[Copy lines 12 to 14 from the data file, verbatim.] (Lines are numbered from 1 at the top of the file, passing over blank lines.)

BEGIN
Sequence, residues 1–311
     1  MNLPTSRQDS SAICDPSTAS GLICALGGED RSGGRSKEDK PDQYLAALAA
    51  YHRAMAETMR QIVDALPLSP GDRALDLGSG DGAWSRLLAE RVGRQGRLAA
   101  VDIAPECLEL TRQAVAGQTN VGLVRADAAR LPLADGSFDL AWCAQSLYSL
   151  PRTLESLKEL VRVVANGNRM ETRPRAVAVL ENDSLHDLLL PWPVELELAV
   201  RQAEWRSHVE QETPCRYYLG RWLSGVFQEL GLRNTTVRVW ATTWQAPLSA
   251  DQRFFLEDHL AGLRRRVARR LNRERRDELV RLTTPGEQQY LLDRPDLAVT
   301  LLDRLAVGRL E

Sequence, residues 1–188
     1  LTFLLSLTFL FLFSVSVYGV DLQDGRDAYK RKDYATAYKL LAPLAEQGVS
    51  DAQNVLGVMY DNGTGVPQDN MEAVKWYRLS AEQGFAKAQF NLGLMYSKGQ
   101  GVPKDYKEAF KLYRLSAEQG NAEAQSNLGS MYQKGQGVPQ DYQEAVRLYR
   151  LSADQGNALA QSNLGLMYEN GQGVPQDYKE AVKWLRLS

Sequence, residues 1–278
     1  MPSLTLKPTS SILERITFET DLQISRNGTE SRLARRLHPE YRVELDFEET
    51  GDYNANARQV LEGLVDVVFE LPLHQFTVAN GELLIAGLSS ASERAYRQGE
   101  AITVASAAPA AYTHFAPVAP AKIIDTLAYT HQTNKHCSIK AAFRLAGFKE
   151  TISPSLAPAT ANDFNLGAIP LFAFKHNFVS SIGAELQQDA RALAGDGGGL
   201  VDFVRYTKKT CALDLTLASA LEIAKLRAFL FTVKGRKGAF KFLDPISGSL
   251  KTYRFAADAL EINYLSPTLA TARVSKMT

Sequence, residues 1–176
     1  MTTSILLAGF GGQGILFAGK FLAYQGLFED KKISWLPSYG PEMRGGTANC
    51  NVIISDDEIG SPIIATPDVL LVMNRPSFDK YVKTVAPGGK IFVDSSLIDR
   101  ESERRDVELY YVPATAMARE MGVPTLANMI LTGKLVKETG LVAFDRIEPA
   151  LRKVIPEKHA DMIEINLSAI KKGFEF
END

   101  GVPKDYKEAF KLYRLSAEQG NAEAQSNLGS MYQKGQGVPQ DYQEAVRLYR
   151  LSADQGNALA QSNLGLMYEN GQGVPQDYKE AVKWLRLS

Sequence, residues 1–278